Quantcast
Environmental News for a Healthier Planet and Life

Pop-Tart Pledge: Kellogg Rejects Palm Oil From Decimated Rainforests

Food
Pop-Tart Pledge: Kellogg Rejects Palm Oil From Decimated Rainforests

Kellogg Co. has pledged it will start buying palm oil only from companies that don’t destroy tropical rainforests to produce the additive used in several processed foods like Pop-Tarts, reports the Associated Press

Palm oil is a relatively minor ingredient used in Kellogg products like Pop-Tarts, cookies and waffles, however, most of its cereals don’t contain it.
Photo courtesy of Shutterstock

The move was in response to a lengthy campaign by environmental groups which pressured the cereal giant to cease buying palm oil from plantations that disrupt rainforests in Southeast Asian nations, primarily Indonesia. 

The exotic forests house several endangered species, including the orangutan and Sumatran tiger. According to those protesting the practice, palm oil cultivation has obliterated more than 30,000 square miles of Indonesian and Malaysian rainforests.

To uphold it promise, Kellogg announced last week it would require its suppliers to track their palm oil to plantations that comply with the law and meet standards for protecting the environment and human rights.

The policy also applies to processors and growers, said Diane Holdorf, Kellogg’s chief sustainability officer.

“We must ensure they are all producing palm oil in a way that’s environmentally responsible, socially beneficial and economically viable,” said Holdorf to the Associated Press. 

Palm oil is a relatively minor ingredient used in Kellogg products like cookies, pastries and waffles, however, most of its cereals don’t contain it, she said.

The announcement drew praise from environmental groups, which converged at Kellogg’s headquarters in protest late last year. They referred to the new policy, which requires compliance or substantial progress by Dec. 31, 2015, as the industry’s toughest.

Palm oil generates $50 billion a year and is used in about 50 percent of all packaged foods, according to Green Century Capital Management Inc., which filed a shareholder proposal in 2013 urging Kellogg to purchase only deforestation-free oil. The investment company says U.S. imports have jumped nearly five times in the last 10 years.

Environmental groups also credited Kellogg with persuading joint venture partner Wilmar International Ltd., the world’s biggest palm oil trading company, to revamp its policies.

Wilmar announced late last year its plantations and suppliers would protect forests with high conservation values, prohibit using fire to clear land and ban development on peatlands.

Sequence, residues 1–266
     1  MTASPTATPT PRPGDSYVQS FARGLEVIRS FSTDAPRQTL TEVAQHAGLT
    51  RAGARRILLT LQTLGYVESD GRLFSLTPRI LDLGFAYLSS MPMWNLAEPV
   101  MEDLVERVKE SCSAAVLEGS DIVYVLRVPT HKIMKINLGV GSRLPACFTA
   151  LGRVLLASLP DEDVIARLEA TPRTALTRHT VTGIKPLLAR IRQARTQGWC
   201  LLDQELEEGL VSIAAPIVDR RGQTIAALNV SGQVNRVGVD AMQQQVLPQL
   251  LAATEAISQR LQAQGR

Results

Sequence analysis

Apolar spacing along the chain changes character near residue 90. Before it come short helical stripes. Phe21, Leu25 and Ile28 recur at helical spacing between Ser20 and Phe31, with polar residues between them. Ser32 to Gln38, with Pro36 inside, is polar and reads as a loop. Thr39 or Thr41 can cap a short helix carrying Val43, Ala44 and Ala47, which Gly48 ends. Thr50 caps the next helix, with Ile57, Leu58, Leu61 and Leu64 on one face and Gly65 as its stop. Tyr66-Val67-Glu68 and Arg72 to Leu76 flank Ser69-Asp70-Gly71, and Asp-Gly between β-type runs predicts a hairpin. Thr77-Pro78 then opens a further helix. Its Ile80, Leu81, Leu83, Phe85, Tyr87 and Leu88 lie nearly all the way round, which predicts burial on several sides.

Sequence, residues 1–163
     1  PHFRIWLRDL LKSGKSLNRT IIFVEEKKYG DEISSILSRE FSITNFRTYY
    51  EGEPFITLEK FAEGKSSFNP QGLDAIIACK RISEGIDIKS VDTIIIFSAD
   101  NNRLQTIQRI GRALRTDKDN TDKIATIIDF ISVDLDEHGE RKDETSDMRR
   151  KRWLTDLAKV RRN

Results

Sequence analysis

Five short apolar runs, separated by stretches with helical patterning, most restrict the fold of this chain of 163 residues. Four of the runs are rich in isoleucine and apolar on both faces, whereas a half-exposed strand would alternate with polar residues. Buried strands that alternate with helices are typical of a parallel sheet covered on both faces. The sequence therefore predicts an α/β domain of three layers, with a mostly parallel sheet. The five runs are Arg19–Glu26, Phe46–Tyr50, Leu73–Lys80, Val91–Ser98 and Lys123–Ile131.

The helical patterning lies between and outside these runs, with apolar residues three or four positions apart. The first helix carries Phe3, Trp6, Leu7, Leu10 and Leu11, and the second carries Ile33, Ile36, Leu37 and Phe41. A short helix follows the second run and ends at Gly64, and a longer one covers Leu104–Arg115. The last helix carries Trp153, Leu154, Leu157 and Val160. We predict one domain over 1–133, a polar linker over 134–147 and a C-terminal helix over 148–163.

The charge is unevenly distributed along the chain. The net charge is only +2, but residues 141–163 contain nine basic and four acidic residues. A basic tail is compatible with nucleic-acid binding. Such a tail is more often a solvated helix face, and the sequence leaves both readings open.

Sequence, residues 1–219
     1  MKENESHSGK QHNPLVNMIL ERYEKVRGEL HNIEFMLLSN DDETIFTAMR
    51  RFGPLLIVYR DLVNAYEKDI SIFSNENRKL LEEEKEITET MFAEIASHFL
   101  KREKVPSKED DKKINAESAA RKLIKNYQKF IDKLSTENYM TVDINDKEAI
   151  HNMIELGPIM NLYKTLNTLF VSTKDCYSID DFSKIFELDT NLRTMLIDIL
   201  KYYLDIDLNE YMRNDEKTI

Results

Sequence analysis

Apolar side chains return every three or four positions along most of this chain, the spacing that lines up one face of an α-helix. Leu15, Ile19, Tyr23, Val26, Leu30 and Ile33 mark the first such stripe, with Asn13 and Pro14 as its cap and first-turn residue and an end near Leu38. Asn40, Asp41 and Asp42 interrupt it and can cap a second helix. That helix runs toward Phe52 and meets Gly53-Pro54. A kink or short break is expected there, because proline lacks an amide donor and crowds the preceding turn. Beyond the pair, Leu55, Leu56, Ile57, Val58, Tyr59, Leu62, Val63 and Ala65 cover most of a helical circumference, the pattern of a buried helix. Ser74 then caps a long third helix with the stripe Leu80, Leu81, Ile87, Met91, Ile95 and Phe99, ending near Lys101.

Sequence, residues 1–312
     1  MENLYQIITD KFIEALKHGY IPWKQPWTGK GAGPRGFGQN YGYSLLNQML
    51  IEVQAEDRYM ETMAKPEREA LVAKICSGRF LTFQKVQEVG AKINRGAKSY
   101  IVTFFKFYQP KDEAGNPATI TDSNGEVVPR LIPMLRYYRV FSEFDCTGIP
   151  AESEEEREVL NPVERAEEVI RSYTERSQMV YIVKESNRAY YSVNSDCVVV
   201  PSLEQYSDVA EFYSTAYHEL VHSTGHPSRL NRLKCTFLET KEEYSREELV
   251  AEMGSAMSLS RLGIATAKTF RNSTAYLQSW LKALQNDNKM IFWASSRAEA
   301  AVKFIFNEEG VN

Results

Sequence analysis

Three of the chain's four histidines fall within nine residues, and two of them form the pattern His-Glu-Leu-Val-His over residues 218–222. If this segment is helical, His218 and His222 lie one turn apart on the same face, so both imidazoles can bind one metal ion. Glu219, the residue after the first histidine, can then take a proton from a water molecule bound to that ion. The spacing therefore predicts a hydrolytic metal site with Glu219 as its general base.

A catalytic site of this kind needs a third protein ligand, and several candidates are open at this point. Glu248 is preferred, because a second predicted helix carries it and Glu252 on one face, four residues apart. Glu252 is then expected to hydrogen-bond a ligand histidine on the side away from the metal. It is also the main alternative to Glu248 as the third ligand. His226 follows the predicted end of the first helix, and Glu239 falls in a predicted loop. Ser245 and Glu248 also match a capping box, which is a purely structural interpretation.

Visit EcoWatch’s FOOD and HEALTH pages for more related news on this topic.

 

Oil spills, such as the one in Mauritius in August 2020, could soon be among the ecological crimes considered ecocide. - / AFP / Getty Images

By Kenny Stancil

An expert panel of top international and environmental lawyers have begun working this month on a legal definition of "ecocide" with the goal of making mass ecological damage an enforceable international crime on par with war crimes, crimes against humanity, and genocide.

Read More Show Less

EcoWatch Daily Newsletter

Polar bears are seen in the Arctic National Wildlife Refuge in Alaska. Alan D. Wilson / Wikimedia Commons / CC by 3.0

After ongoing pressure from environmental groups and Indigenous communities, Bank of America has said it will not finance any oil and gas exploration in the Arctic, making it the last major U.S. financial institution to do so.

Read More Show Less

Trending

Map shows tracks and strength of Atlantic tropical cyclones in 2020. Blues are tropical depressions and tropical storms; yellow through red show hurricanes, darker shades meaning stronger ones. Master0Garfield / Wikimedia Commons

By Astrid Caldas

As we reach the official end of hurricane season, 2020 will be one for the record books. Looking back at these long, surprising, sometimes downright crazy past six months (seven if you count when the first named storms actually started forming), there are many noteworthy statistics and patterns that drive home the significance of this hurricane season, and the ways climate change may have contributed to it.

Read More Show Less
Protesters shouting slogans on megaphones during the climate strike on September 25 in Lisbon, Portugal. Hugo Amaral / SOPA Images / LightRocket / Getty Images

By Dana Drugmand

An unprecedented climate lawsuit brought by six Portuguese youths is to be fast-tracked at Europe's highest court, it was announced today.

The European Court of Human Rights said the case, which accuses 33 European nations of violating the applicants' right to life by disregarding the climate emergency, would be granted priority status due to the "importance and urgency of the issues raised."

Read More Show Less
A child plays with a planet Earth ball during the Extinction Rebellion Strike in London on Apr. 18, 2019. Brais G. Rouco / SOPA Images / LightRocket / Getty Images

Will concern over the climate crisis stop people from having children?

Read More Show Less